The Free Software Foundation is just weeks away from announcing the roadmap and process that will govern the release of the first draft of the rewritten GNU General Public License.
Eben Moglen, the general counsel for the FSF and who is authoring the first rewrite of the license in some 15 years with its creator Richard Stallman, told eWEEK in an exclusive interview ahead of the OSBC East conference in Newton, Mass., next week that it would also be releasing within the next month a process document that tells people exactly what the rules are going to be for the discussion and comment submission process around GPL version 3.
Moglen, along with Diane Peters, the general counsel for the Open Source Development Labs and Mike Milinkovich, the executive director of the Eclipse Foundation, will be talking at OSBC East in a session titled "GPL 3.0: Directions, Implications, Casualties."
A number of people will also have been invited to help with the process around GPL 3, Moglen said, adding that the criteria behind that first round of invitations would also be detailed.
"We would like to put all that information out publicly at one time, and we expect this will take place sometime in November," he said.
The first draft of GPL version 3 is expected early next year, and while Moglen said the date, place and time of its release would be made public next month, "I want people to absorb the rules we are going to use before we start talking about the substance.
"I want everyone to have seen that the process is open, transparent and fair and have gotten used to the rules that are available and how to play them, and then we will put the document down on the table and start talking," he said.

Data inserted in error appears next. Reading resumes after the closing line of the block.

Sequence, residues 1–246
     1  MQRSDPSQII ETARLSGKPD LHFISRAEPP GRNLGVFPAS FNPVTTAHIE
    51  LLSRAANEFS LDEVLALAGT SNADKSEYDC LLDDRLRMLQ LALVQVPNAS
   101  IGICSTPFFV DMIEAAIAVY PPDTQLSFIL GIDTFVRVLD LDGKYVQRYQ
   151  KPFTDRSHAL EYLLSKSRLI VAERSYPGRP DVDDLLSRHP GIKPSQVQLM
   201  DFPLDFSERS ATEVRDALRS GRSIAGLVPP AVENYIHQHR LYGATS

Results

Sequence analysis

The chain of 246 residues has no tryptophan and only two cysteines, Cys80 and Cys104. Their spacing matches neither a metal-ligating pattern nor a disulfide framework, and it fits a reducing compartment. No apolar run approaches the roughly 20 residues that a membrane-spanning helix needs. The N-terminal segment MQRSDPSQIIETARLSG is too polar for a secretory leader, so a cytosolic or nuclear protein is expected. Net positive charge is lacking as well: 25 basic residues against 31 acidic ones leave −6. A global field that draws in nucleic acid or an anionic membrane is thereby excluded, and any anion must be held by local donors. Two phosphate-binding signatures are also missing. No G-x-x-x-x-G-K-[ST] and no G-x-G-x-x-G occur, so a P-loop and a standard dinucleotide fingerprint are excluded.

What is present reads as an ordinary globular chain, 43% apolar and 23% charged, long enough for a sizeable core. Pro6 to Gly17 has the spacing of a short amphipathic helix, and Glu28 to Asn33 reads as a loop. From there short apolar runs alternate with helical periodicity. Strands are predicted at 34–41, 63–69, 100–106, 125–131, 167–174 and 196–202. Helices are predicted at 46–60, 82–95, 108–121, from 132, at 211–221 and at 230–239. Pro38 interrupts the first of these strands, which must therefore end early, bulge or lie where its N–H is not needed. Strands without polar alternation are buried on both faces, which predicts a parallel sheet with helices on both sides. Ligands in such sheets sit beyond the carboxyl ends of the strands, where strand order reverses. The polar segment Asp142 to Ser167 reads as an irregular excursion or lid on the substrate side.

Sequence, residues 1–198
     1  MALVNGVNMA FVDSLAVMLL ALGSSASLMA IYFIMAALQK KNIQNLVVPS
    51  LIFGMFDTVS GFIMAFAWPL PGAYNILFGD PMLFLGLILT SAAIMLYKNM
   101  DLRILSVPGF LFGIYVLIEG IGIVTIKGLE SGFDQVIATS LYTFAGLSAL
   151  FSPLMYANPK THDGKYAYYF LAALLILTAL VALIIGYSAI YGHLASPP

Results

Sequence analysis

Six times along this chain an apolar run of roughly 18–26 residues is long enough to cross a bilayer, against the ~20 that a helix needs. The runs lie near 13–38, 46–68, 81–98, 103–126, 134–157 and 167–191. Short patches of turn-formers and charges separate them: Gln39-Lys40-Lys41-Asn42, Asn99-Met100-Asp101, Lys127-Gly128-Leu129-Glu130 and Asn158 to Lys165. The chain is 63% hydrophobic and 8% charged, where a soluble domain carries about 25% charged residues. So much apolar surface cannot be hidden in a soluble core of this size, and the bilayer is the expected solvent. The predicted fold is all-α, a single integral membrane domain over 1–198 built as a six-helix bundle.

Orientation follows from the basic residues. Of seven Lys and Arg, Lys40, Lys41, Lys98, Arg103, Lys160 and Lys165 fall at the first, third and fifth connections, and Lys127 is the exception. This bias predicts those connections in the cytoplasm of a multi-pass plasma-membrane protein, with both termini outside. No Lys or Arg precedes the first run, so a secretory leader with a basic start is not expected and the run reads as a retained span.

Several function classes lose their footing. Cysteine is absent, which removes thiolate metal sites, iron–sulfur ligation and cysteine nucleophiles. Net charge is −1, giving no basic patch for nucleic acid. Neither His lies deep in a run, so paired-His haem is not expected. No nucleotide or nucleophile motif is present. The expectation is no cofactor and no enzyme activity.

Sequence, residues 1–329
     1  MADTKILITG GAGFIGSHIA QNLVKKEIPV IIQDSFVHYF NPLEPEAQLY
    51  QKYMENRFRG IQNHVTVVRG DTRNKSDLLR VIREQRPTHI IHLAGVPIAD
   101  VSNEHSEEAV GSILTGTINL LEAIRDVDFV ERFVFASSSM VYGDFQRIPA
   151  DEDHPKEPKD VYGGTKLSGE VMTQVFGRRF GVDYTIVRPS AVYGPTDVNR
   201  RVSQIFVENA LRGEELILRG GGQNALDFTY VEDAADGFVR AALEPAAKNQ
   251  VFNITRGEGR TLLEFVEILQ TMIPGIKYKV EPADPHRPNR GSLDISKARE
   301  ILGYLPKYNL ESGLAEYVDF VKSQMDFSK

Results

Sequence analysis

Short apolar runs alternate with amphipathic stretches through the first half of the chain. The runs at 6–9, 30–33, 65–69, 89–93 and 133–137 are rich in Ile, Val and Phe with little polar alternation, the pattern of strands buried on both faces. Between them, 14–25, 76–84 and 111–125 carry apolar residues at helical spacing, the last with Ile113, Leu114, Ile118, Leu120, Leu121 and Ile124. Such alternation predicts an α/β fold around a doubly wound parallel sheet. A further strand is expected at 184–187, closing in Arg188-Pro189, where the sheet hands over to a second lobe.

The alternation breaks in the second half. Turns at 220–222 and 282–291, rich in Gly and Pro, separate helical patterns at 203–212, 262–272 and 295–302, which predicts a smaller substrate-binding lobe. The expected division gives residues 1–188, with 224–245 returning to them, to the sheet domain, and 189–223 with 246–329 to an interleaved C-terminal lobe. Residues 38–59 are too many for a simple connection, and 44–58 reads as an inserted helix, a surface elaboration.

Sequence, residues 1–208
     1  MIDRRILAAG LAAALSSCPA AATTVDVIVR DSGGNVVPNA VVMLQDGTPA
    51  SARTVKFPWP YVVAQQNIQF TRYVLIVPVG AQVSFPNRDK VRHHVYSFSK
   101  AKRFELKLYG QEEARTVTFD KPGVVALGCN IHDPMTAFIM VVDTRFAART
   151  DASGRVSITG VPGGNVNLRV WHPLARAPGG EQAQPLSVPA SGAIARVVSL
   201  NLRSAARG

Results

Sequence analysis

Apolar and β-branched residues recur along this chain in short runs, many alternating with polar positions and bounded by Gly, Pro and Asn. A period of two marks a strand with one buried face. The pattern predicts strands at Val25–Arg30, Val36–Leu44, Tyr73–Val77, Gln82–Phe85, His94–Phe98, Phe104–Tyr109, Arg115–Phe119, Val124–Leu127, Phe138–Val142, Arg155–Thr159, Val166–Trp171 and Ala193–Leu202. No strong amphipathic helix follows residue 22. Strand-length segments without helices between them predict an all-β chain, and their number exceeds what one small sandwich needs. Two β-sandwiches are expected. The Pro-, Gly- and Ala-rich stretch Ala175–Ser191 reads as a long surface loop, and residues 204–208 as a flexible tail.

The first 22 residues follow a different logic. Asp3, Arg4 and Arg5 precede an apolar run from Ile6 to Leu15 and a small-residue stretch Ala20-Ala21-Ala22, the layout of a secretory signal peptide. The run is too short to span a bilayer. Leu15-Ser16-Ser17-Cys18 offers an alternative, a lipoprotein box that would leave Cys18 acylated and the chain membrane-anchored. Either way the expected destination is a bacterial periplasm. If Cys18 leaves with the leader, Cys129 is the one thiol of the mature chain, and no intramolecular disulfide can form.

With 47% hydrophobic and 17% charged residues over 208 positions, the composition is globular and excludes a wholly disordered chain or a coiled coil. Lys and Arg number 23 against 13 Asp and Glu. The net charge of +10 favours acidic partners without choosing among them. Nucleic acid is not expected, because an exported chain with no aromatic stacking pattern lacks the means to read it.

Some users agree that the community needs to be as involved in the process as possible.
Con Zymaris, the CEO of Cybersource Pty. Ltd., a Linux and open-source solutions company in Melbourne, Australia, told eWEEK that when the FSF produced version 2 of the license, its perceived importance was relatively minor due to the minimal spread of free software and the lack of the key operating system upon which the free software world could be underpinned.
"But the GPL is now without doubt the single most important legal instrument in not only the software space but beyond. It has precipitated a sea-change in the understanding and philosophy of intellectual property. It is because of this great importance that the next version of the license has to be seen to be the best possible implementation of the wishes and needs of the free software community," he said.
"It cant impose painful measures and it cant deviate from the spirit of the previous license, or it risks a reduced uptake. Developers will still be able to resort to version 2 of the GPL if they arent satisfied with version 3," Zymaris said.